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GARDEN STYLE : The Lawn Goodbye

March 22, 1992|ROBERT SMAUS

The drought did it. After five dry years, many Southern Californians have been rethinking the garden and the kinds of plants they put in it. They've discarded the notion that the only appealing landscape design is a lush lawn and thirsty flowers. Now, in spite of recent heavy rains, interesting new drought-tolerant plants are changing the look of gardens from bright green to soft gray-green, like our natural vegetation. These gardens can't do without water, of course, but snowfall in the Sierra can come up short and the yard will still look fine.

hen Santa Monica landscape architect Raymond Hansen planned this water-wise garden in Pacific Palisades, he bravely eliminated the lawn. Instead of turf, he used gravel to provide the sense of a clearing and ornamental grasses to create the feeling of a peaceful meadow. The result is a garden with pleasing colors and textures that echo those of the hillside behind the house.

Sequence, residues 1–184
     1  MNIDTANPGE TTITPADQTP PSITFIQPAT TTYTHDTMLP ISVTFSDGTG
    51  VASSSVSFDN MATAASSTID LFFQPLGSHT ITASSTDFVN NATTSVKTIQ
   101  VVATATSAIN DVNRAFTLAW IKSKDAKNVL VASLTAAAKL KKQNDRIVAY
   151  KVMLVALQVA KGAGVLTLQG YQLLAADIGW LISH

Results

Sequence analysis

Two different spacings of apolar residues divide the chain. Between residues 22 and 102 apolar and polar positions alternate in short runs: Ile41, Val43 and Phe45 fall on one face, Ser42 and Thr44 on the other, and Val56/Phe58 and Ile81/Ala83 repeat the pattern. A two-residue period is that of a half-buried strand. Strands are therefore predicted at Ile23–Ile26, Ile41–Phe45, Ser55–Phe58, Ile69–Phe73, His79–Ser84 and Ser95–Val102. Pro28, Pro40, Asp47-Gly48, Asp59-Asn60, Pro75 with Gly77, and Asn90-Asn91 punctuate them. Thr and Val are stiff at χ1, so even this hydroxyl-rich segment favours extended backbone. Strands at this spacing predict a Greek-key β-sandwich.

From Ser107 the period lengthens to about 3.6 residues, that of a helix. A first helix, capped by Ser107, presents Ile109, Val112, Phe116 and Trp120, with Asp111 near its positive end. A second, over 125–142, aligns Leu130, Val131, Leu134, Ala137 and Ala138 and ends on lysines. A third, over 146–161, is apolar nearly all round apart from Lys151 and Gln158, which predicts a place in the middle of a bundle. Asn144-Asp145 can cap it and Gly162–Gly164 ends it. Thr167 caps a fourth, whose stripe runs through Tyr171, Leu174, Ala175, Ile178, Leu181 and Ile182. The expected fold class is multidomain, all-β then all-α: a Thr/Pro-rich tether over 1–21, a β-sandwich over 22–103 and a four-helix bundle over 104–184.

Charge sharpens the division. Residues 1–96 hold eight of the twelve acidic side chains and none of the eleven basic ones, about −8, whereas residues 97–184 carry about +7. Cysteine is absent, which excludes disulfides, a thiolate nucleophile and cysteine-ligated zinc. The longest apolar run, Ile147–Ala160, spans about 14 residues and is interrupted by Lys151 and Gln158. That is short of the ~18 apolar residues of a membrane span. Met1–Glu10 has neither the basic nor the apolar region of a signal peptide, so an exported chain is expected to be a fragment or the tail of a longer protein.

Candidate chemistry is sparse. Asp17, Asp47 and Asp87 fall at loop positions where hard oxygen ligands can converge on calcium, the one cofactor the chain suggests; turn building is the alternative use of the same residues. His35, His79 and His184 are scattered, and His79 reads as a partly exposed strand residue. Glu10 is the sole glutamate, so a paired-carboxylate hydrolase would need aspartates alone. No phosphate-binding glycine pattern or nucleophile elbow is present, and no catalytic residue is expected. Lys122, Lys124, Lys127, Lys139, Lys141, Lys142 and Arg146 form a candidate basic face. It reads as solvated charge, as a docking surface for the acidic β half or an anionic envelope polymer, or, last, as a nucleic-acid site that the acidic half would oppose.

Like a natural landscape, the design is free-flowing. Plants drift through the garden, serving not as background or filler but as architectural elements. Most are newly imported from other Mediterranean climates, so they are not leafy and green but muted and spare. Foliage is more important than flowers, and ornamental grasses and grasslike plants steal the show. Hansen has planted two kinds of Festuca, 'Blausilber' and 'April Gruen'; a tall, toast-brown grass, Carex buchananii , and grasslike dietes; dwarf horsetail and the dwarf red flax, 'Jack Spratt.' Nearby, the gray leaves of the cabbage tree Cussonia paniculata stand like sculpture.

Water conservation is important here, but there is more: This garden speaks of wildness and nature and what gardens should look like in this sunny, dry climate.

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